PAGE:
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Problem Solver: The Milwaukee Electric Chain Saw

Editor’s note: This article originally appeared in the May 1981 issue of Pacific Woodworker. This particular model is obviously no longer sold in stores, but you may be able to find one on eBay if you feel like recreating the experience. 

If you have ever thought about the use of a chain saw in your shop, but haven’t liked the dangers of gasoline models, an electric chain saw could solve your problems.

Many woodworkers who work on large architectural pieces, art compositions, or free-form furniture have found that using a chain saw can save them much tedious cutting work. The advantages of an electric chain saw are instant starting in any temperature, reduced maintenance, no time wasted in the mixing and filling of fuel, no exhaust fumes, and none of the dangers inherent when flammable materials are present. The only major drawback is that you are tied into a power source by an electrical cord, but this is a small price to pay for all the advantages.

One of the finest electric chain saws on the market is the Milwaukee Chain Saw. It shares all the advantages mentioned above, together with excellent Milwaukee quality construction. – -The motor is rated at 15 amps and has ample power for sawing through hardwoods. The Milwaukee Chain Saw is one of the only electric chain saws that offers the choice of a 16″ or 20″ bar length. Flush cuts can easily be made as there is no housing or bolt overhang. The saw feels very good to hold, as the handles are located with well thought-out placement. While running, the tool feels very positive with a quiet and smooth transmission of power.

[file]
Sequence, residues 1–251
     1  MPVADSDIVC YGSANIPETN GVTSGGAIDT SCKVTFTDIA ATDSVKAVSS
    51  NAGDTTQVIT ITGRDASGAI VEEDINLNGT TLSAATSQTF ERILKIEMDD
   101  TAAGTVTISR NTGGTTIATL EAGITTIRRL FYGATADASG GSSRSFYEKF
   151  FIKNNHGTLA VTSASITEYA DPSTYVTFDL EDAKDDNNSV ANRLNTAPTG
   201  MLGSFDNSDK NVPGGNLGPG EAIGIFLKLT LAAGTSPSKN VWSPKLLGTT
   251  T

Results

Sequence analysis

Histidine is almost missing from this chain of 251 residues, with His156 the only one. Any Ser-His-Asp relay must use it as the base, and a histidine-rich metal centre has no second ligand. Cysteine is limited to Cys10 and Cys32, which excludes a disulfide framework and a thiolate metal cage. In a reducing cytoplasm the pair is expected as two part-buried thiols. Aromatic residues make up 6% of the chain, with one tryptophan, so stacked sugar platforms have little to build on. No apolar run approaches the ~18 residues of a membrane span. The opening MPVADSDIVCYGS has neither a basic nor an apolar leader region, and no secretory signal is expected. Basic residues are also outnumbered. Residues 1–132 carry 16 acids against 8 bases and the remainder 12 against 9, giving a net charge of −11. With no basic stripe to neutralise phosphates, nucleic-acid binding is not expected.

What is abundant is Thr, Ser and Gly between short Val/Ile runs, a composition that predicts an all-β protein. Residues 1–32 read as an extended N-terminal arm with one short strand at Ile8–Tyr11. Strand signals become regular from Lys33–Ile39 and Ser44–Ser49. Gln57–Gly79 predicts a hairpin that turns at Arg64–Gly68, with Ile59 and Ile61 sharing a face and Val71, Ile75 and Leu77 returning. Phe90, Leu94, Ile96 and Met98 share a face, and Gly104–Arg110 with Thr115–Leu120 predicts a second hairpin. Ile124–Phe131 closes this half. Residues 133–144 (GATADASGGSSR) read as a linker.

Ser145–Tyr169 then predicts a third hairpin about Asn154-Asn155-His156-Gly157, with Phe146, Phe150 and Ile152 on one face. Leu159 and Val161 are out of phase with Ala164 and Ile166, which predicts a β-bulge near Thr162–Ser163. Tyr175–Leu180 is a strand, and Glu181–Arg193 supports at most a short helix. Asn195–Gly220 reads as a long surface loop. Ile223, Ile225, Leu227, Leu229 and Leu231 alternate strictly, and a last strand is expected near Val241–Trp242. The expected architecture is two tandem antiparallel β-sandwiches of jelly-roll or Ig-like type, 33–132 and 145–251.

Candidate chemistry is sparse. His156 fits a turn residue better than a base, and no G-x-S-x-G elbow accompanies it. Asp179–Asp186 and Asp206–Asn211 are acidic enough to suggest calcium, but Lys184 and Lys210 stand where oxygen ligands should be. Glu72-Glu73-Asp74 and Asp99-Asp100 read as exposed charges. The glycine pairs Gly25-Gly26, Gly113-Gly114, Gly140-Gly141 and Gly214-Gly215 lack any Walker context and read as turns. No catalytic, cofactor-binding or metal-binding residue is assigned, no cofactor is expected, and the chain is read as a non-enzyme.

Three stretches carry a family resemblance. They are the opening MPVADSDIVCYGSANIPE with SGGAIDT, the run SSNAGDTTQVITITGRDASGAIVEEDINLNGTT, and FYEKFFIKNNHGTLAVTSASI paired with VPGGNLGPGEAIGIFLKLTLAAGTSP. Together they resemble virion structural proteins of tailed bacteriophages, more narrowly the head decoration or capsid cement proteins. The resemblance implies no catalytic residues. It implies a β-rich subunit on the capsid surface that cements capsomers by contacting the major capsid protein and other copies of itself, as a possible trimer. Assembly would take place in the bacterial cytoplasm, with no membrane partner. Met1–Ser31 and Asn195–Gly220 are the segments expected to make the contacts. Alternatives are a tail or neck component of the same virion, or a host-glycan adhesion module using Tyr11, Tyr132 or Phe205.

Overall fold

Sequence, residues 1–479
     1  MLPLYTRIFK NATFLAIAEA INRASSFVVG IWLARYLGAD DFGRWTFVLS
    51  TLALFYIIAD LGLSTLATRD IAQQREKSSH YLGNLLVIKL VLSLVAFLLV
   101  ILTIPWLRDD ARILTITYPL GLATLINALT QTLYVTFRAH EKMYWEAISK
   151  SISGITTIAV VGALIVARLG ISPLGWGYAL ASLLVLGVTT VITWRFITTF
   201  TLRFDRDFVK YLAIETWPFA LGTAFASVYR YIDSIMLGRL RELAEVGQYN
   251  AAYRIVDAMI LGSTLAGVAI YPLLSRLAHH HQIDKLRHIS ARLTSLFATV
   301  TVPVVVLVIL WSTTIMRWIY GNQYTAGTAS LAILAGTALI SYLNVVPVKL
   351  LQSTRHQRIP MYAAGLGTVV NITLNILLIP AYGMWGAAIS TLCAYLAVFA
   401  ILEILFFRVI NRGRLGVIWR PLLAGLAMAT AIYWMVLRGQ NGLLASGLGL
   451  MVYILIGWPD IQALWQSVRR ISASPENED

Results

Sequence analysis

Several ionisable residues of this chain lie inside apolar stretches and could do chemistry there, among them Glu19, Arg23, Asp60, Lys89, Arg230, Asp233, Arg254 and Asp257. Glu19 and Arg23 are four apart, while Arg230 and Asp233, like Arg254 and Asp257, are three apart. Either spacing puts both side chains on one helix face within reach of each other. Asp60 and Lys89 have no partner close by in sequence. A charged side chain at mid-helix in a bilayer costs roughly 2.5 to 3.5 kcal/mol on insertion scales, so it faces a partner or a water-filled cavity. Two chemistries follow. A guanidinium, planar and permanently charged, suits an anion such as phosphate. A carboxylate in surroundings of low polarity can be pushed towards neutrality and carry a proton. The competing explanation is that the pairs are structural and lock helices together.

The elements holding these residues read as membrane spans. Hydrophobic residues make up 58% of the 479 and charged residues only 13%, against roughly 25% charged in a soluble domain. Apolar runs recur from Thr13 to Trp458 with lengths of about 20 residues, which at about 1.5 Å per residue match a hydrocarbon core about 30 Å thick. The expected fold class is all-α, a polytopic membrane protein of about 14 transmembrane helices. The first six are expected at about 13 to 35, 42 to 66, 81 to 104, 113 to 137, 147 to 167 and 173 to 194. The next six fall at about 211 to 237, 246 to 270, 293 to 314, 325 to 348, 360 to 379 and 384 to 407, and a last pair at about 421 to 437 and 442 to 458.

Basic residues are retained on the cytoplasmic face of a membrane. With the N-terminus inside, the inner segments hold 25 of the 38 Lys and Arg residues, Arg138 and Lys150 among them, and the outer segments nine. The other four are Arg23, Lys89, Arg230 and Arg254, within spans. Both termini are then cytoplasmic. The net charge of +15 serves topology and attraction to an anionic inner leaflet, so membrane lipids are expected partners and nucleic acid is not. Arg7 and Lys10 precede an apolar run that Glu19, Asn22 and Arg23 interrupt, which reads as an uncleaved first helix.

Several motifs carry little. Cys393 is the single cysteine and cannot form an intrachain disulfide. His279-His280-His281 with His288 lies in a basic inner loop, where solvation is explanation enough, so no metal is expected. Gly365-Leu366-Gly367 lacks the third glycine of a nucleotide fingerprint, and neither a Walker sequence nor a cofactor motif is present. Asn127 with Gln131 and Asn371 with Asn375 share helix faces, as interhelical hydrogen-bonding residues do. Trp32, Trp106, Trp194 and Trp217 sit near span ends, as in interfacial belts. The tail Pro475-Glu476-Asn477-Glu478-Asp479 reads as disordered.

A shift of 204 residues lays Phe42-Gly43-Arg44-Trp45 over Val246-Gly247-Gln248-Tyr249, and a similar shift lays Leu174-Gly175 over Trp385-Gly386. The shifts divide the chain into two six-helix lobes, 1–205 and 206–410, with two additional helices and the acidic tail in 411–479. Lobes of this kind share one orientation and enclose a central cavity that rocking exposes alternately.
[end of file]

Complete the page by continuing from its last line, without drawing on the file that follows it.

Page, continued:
Charlie Cobb demonstrates on an almost completed banister how he used the Milwaukee chain saw to get the desired angular effect.

Charlie Cobb, a woodworker in Santa Rosa, uses a Milwaukee Chain Saw in the furniture and architectural designs that he produces for clients. Most of the work that Charlie does is custom fabrication using koa and he has been using the chain saw for about nine months. The chain saw is used to rough out the basic design and then numerous sanding steps are done to complete each project. The hassel of having to use different saws with different blades is done away with, which frees time to concentrate on the actual work.

He has done three major pieces, including the bannister he is currently working on, without the need to sharpen the chain. The glued lamination that Charlie uses in his work dulls the chain faster but there aren’t the normal chain saw hazards of cutting into dirt, rocks, or hardware in the trees.

Every shop does not have the need for an electric chain saw, but there are some specialized woodworking tasks that would be greatly simplified by the use of one. If you don’t want the negative side-effects of a gasoline powered chain saw, yet you desire this type of cutting ability, the Milwaukee Electric Chain Saw would be a good tool to investigate.

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